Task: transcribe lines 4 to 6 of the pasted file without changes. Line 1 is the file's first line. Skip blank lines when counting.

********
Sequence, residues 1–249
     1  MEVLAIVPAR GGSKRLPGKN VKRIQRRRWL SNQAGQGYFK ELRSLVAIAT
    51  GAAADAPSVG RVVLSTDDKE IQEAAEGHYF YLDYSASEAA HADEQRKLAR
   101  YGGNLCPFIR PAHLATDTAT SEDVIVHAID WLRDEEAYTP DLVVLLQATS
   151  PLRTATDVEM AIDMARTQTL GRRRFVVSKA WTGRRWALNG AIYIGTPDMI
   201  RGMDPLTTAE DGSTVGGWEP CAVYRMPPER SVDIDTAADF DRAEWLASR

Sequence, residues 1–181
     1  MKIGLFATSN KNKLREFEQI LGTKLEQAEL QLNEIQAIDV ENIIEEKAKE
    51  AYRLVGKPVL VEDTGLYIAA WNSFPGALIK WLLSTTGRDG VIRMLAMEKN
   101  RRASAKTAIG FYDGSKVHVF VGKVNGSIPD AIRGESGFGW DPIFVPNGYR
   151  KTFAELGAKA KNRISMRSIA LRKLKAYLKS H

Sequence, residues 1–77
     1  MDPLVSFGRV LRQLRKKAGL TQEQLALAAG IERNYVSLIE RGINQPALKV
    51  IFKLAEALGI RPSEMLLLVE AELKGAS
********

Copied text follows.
   101  YGGNLCPFIR PAHLATDTAT SEDVIVHAID WLRDEEAYTP DLVVLLQATS
   151  PLRTATDVEM AIDMARTQTL GRRRFVVSKA WTGRRWALNG AIYIGTPDMI
   201  RGMDPLTTAE DGSTVGGWEP CAVYRMPPER SVDIDTAADF DRAEWLASR